‘A rather remarkable feat’
Article Published by: unc.edu
UNC-Chapel Hill researchers and industry scientists are working side by side in the same lab on Carolina’s campus to find a cure for HIV — and they’re getting closer. ViiV Healthcare and Carolina have recently announced that they have signed a second five-year, $20 million contract to continue their groundbreaking research to find a cure.
HIV treatments have come a long way, but tens of millions around the world remain infected and need daily antiretroviral therapy — and unless new discoveries are made, they will need it for the rest of their lives.
Dr. David Margolis, Richard Dunham and all of the scientists working at the UNC HIV Cure Center are tackling this very issue.
Margolis is the director of the HIV Cure Center at UNC-Chapel Hill and is Carolina’s Sarah Graham Kenan Distinguished Professor of Medicine, Microbiology and Immunology, and Epidemiology. Dunham is the director of HIV Cure for ViiV Healthcare. Margolis and Dunham work closely together at the Cure Center, a partnership where academic researchers and industry scientists work side by side in the same lab on Carolina’s campus with one goal in mind: Find a cure for HIV.
Five years ago, UNC-Chapel Hill and GlaxoSmithKline announced the creation of a center dedicated to curing HIV and the formation of a jointly owned company, Qura Therapeutics. Since the initial announcement, ViiV Healthcare, an international pharmaceutical company focused on HIV, has taken ownership of GSK’s HIV research portfolio. This spring, ViiV and Carolina announced that they have signed a second five-year, $20 million contract to continue their groundbreaking research to find a cure.
“We are dealing with the most difficult problem in HIV research: how to get the virus out of latency so it can be eliminated and people can be truly cured,” Margolis said.
It’s a challenge, but Margolis said their current approach to a cure “sounds sort of simple.” When people are on therapy, the virus is latent, meaning there’s effectively no active virus spreading around in their bodies because the current antiretroviral drugs completely block that process.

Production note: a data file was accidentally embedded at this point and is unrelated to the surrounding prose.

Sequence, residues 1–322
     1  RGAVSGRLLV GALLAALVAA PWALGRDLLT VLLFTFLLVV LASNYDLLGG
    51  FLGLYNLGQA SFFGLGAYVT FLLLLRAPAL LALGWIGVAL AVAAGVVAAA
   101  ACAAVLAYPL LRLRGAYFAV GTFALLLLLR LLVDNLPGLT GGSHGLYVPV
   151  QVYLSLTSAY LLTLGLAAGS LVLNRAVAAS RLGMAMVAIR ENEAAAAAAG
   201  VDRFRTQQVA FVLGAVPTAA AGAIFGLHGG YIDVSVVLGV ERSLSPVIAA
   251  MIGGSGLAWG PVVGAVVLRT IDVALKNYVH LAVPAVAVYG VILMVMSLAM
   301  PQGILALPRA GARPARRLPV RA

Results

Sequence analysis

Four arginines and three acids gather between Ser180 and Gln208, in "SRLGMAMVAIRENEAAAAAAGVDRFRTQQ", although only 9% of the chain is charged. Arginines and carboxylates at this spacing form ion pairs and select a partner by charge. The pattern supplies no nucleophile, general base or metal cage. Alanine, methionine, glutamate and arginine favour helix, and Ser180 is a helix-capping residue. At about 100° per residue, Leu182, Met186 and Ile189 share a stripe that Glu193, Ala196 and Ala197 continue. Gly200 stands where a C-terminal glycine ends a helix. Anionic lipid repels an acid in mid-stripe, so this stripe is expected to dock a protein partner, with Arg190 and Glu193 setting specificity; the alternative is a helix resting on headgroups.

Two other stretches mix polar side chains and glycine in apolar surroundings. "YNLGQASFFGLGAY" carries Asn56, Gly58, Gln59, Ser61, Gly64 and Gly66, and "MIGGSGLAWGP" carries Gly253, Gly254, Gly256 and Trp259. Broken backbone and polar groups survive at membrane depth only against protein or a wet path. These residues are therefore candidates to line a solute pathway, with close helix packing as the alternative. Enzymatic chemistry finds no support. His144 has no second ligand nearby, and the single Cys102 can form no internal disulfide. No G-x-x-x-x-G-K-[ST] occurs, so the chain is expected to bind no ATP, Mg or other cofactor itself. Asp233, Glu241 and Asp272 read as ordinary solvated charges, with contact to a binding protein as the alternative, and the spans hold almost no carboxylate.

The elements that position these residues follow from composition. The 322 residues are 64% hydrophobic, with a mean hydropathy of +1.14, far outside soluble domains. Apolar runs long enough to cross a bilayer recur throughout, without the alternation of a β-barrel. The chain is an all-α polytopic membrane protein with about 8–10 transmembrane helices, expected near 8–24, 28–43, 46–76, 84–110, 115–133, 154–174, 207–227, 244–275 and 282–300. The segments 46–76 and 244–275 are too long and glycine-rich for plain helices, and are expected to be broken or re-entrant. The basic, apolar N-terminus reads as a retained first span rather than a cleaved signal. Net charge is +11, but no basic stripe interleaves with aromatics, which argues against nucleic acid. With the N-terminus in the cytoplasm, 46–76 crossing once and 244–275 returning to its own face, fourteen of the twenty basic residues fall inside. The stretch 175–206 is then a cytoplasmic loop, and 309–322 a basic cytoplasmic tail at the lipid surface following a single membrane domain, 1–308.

“We are thinking of treating people who are on therapy, where there’s no virus spreading, but there is virus sleeping dormant in a few cells,” he explained.
In a nutshell, researchers are trying to push the virus out of hiding so it can be recognized by the immune system and eliminated.
Both Dunham and Margolis hope to find a cure for HIV so that people with HIV don’t have to be on treatment for the rest of their lives.
Because of this interdisciplinary collaboration that brings together the strengths of industry science and world-class academic research, the HIV Cure Center is closer than ever to achieving their goal. The team has tested a new way to expose the hidden virus and recently published in the journal Nature that this new strategy drives the virus out of hiding to an unprecedented degree.
The stage is now set to develop a novel medicine to advance to human trials.
“This is a rather remarkable feat in such a short amount of time,” Margolis said. “Everyone here has been dedicated to making this partnership successful. That means working together to progress new curative approaches from the lab to the clinic as fast as possible.”
About Scott Livengood
Scott Livengood is the owner and CEO of Dewey’s Bakery, Inc., a commercial wholesale bakery with a respected national brand of ultra premium cookies and crackers.
Previously, Scott worked at Krispy Kreme Doughnuts for 27 years, starting as a trainee in 1977. He was appointed President of the company in 1992, then CEO and Chairman of the Board.
Scott has served on numerous boards including the Carter Center, the Calloway School of Business and the Babcock School of Management, Habitat for Humanity of Forsyth County, and the Winston-Salem Chamber of Commerce.
He started a new business, StoryWork International, in 2016 with Richard Stone. The signature achievement to date is LivingStories, a story-based program for improved patient experiences and outcomes in partnership with Novant Health.